Film making industry is predominantly male when it comes to directing, producing and you mentioned that there is quite an illusion created  about  women in film and their ‘togetherness’ – what would you like to change? What are the challenges you’ve faced?

I am fairly new in indie filmmaking so I haven’t faced that many challenges apart from a few comments here and there, as mentioned on one of my latest blog posts about women in film. One particular guy once said to me that women created these women-only alliances and award ceremonies because of our inability to compete with men. That comment was not only unfounded, it was also completely outrageous. I have been quite lucky however – so far I have only worked with guys who treat me great and don’t care what my gender is, as long as I am doing what I am supposed to do and producing good work. That said, I do look forward to the day I’ll be able to put together a team of talented women and create fantastic visuals. I suppose men just need to stop underestimating women. We are capable of great things and there are great female producers and directors around the world, who did not necessarily have to sleep their way to the top to become who they are today.

You also are an advocate for young girls education in Africa and have worked with Plan. Please tell us more.

Just over a year ago I took part in a blogging competition with the charity Plan UK and The Guardian. We were asked to blog about the challenges faced by young girls in the third world, when it comes to getting education. My blog post was chosen as the winner, so I got to travel to Ethiopia for a few days. It was one of the most amazing experiences in my life. It really opened my eyes on the real issues that children face in that part of the continent. We met young girls who were forced to drop out of school due to early and forced marriage. We were taken to villages in the South of Ethiopia to meet families affected by the recent droughts… It was very moving. But this experience also opened my eyes on the other side of Ethiopia – the beautiful scenery, the nightlife, the warmth of the people, etc. and again, Chimamanda’s talk comes to mind. Ehiopia is the perfect example of “The danger of a single story”. There is so much more to that beautiful place and I cannot wait to go back.

If you could pick one film director to mentor you – who would you pick and why?

Guillermo Ariaga. I am so inspired by his work – He tends to break all the boring, fundamental rules of scriptwriting, in the most beautiful ways. Am I allowed to cite a second one? I’d say Guillaume Canet, who is a ridiculously talented French writer and director. I have a thing for International directors and world cinema, as you can see!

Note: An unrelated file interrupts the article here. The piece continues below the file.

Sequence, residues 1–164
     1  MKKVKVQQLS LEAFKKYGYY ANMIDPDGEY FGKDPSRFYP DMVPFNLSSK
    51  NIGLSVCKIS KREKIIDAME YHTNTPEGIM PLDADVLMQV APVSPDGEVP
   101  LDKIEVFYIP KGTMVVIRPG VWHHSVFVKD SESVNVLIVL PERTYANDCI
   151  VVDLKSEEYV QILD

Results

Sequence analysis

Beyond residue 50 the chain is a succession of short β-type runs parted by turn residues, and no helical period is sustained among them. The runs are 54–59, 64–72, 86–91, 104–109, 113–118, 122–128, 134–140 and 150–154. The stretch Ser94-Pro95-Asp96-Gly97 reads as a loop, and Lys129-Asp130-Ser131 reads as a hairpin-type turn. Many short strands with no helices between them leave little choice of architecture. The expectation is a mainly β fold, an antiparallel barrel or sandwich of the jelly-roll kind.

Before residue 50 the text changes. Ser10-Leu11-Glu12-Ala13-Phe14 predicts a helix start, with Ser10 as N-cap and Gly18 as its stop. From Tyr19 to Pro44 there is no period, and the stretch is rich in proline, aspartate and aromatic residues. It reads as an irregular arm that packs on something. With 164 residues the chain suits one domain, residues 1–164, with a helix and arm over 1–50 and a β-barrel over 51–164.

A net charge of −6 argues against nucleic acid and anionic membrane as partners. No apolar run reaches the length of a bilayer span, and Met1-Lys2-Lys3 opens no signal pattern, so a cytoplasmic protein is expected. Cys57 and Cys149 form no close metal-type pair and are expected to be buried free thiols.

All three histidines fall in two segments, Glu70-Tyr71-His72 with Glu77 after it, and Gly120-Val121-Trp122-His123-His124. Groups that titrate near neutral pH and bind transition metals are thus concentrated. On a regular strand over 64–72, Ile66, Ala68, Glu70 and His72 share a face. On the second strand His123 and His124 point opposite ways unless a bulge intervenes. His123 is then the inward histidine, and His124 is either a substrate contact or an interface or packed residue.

Tell us your favourite movie and then your favourite Christmas themed movie?

I have so many favourite films but at the moment, I have an obsession with The Burning Plain, which was written and directed by the legendary Guillermo Ariaga. My favourite Christmas-themed movie has to be Home Alone 1!

As this is our Christmas issue – what does Waiki want for Christmas?

Funding for my next few film projects. Honestly, that’s all I want… Maybe I should set up an Indiegogo campaign! Editor’s Note: Waiki we will fully support your Indiegogo Campaign should you set it up – so please do!


Usually before the new year people tend to reflect and write their plans for 2013 – what were you lessons from 2012 and what are the plans for 2013?

My lessons from 2012… Firstly: Don’t just write scripts. Get producing! I used to hide behind this fear of seeing my work in real life form. I wrote all these scripts but never actually produced them. As you can see this fear is now gone. Secondly: Knock on as many doors as possible, don’t be afraid, that’s what doors are there for. They’re also there to be kicked open! And if there are no doors, build them. Find collaborators, get this project started. My plans for 2013 are to write and produce more films of my own; but also to continue to assist Cardy Films ( and Ola&Olan on the production front. We have some exciting projects lined up for 2013.

Editor’s Note: From when I started Chaud, I promised and challenged myself to get our readers access to great entertainment and talent this has led to super late nights scouring the web .When I find the work of talented people like Waiki (and the others we have featured on this site) I know it is not all in vain. We hope to see Waiki’s work garner more attention, she deserves it and we at Chaud would like to thank her for taking time out from her busy schedule for our interview! Keep up the great work Waiki and please do go on Indiegogo or Kickstarter in 2013!Maybe at Chaud we should start our own campaign ‘Get Waiki on Indiegogo for 2013’ 🙂 

You can find out more about Waiki and her work here:



Follow her on Twitter: @waikiharnais